If hearing the name Wagoneer evokes certain nostalgic feelings within you, that’s because it should. The Jeep Wagoneer was the original full-size SUV, with production starting for the 1963 model year. The full-size, body-on-frame Wagoneer remained in production for 29 years, and Jeep finally discontinued it after the 1991 model year. Versions of the Wagoneer and Grand Wagoneer nameplates existed within the XJ Cherokee and ZJ Grand Cherokee lineups until the name was retired for good in 1994.
Last year, the Wagoneer entered our 2022 Four-Wheel SUV of the Year test competition and finished a respectable, if disappointing, fifth place behind a pair of Wranglers, Ford’s new Bronco and GMC’s Yukon AT4. It was a stacked field full of some of the best players. For 2023, the Wagoneer returned for another shot at the top spot on the podium, thanks to the introduction of the company’s all-new twin-turbocharged 3.0-liter I-6 Hurricane engine.
Was the Wagoneer’s new powerplant enough to propel it to victory against its other 2023 SUV of the Year rivals, and make it the 18th Jeep vehicle to win our coveted SUV of the Year trophy? Read on to find out!
The 2023 Wagoneer still comes standard with the 5.7-liter HEMI V-8 engine with eTorque. New for 2023, however, is the optional all-new twin-turbocharged 3.0-liter Hurricane six-cylinder engine. When fitted to the Wagoneer, this engine pumps out 420 hp and 468 lb-ft of torque. This improves the 5.7-liter HEMI’s numbers by 28 hp and 64 lb-ft. Peak horsepower and torque also come at about 400 fewer rpm than the V-8, improving acceleration feel. Backing up both engines is the company’s proven TorqueFlite 8HP75 eight-speed automatic transmission. You’re probably thinking, “Doesn’t the new engine make 510 hp?” Unfortunately, the high-output version of the Hurricane I-6 is only available in the Grand Wagoneer.
On the track, the 2023 Wagoneer performed significantly better than the year before, thanks in part to a lower curb weight and more powerful engine. The Wagoneer put down the second-fastest 0-60 mph time, taking 5.85 seconds, losing the top spot to the smaller Grand Cherokee by just 2 hundredths of a second. The Wagoneer outscored the trio of similar three-row SUVs by nearly a second. In the quarter mile, the Wagoneer ran through the finish line in 14.45 seconds at a speed of 97.0 mph. Bringing the nearly three-ton Wagoneer to a stop from 60 mph took 143.82 feet.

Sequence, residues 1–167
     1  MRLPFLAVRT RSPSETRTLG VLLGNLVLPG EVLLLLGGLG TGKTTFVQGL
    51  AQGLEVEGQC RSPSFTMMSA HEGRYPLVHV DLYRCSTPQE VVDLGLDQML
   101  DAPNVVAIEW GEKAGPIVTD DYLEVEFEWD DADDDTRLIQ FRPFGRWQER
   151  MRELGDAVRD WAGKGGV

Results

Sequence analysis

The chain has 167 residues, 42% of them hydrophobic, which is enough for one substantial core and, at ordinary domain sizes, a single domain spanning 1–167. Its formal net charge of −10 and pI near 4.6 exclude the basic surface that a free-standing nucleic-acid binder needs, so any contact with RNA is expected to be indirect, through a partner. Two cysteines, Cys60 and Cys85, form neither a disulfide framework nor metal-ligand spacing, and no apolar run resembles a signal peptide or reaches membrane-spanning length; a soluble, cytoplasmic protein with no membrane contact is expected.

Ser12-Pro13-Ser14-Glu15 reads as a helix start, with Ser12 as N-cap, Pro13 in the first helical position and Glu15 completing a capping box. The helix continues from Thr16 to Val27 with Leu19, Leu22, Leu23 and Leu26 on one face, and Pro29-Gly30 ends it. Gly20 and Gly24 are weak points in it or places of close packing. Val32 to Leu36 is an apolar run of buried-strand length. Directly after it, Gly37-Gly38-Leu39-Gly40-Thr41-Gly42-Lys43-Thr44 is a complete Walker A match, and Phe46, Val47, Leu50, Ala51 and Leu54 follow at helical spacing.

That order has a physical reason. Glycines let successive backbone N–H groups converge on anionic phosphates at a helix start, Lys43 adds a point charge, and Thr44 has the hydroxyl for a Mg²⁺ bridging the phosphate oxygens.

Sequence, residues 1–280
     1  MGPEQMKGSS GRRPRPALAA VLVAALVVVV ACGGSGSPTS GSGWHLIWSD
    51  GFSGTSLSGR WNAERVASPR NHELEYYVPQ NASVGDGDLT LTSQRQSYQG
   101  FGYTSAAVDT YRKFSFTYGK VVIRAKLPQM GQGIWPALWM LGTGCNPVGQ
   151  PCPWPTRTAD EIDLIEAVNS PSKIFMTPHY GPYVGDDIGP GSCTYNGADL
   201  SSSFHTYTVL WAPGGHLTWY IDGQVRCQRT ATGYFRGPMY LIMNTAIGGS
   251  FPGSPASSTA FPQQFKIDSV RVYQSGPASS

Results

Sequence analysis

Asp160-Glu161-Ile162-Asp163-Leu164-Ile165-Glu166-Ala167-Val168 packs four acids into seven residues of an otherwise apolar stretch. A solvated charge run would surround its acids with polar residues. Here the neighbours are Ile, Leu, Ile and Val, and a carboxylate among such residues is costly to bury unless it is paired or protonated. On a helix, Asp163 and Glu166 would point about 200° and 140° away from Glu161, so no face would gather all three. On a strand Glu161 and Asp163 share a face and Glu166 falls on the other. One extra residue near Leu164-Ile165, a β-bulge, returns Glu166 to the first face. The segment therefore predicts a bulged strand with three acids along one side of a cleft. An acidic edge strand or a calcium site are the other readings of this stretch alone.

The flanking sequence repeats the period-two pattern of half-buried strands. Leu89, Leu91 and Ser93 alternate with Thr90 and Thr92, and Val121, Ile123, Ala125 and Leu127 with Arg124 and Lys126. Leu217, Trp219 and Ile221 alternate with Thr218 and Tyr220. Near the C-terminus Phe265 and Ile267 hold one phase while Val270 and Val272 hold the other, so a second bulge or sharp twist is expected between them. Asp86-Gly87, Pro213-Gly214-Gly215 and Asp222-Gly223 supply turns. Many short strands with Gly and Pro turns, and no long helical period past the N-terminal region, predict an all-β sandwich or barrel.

Interior comfort and exterior design
It should come as no surprise that the 2023 Wagoneer Series II scored highest in our four-wheel SUV of the Year test when it came to the interior. Moving down from the Series III Wagoneer we tested in 2022 meant giving up some of the more lavish trimmings, but our judges didn’t seem to mind. Thanks in part to the comfortable Nappa leather seats, elegant interior, and powerful 506-watt, 9-speaker Alpine sound system, it was hard to get our judges to leave the Wagoneer at the end of their driving segment.
The Wagoneer’s interior was noted by our judges as comfortable in all positions, even in the back, for all sizes of adults. The Wagoneer also won a lot of praise for its implementation of the company’s latest Uconnect 5 infotainment software, large 10.1-inch center touchscreen and implementation of wireless Apple CarPlay and Android Auto. Although our judges had some gripes with the trim choices for last year’s Series III Wagoneer, the Series II won near-unanimous praise for its interior embellishments, calling it “simple, elegant, logical and very well designed.”
Unlike the unanimous love for the Wagoneer’s interior, the vehicle’s exterior design continues to be far more polarizing. Generally speaking, the front design of the Wagoneer was viewed favorably by the group. But when it came to the back, opinions quickly shifted. Most didn’t care for the square and boxy design from the C-pillar back through the rear hatch. It was also noted by several judges that the many chrome accents scream luxury more than off-road, but that’s the arena the Wagoneer plays in, so that can be forgiven. The Wagoneer Series II also won praise for the inclusion of a rather classy 18-inch wheel with the Advanced All-Terrain Group. Large plastic side steps were included on this Wagoneer, but thankfully they are easily removed.
The Wagoneers Jeep pedigree continues to show through where it counts, offering a pair of large and useful (albeit chrome) front towbars. Out back, the Wagoneer had a standard 2-inch receiver unit, but as is standard for the class these days, it was hidden behind a shutter panel, which some judges took issue with. In another thoughtful touch, the Wagoneer came with a clutch receiver recovery hook located with the spare tire and tools. It’s the little things like this that make all the difference.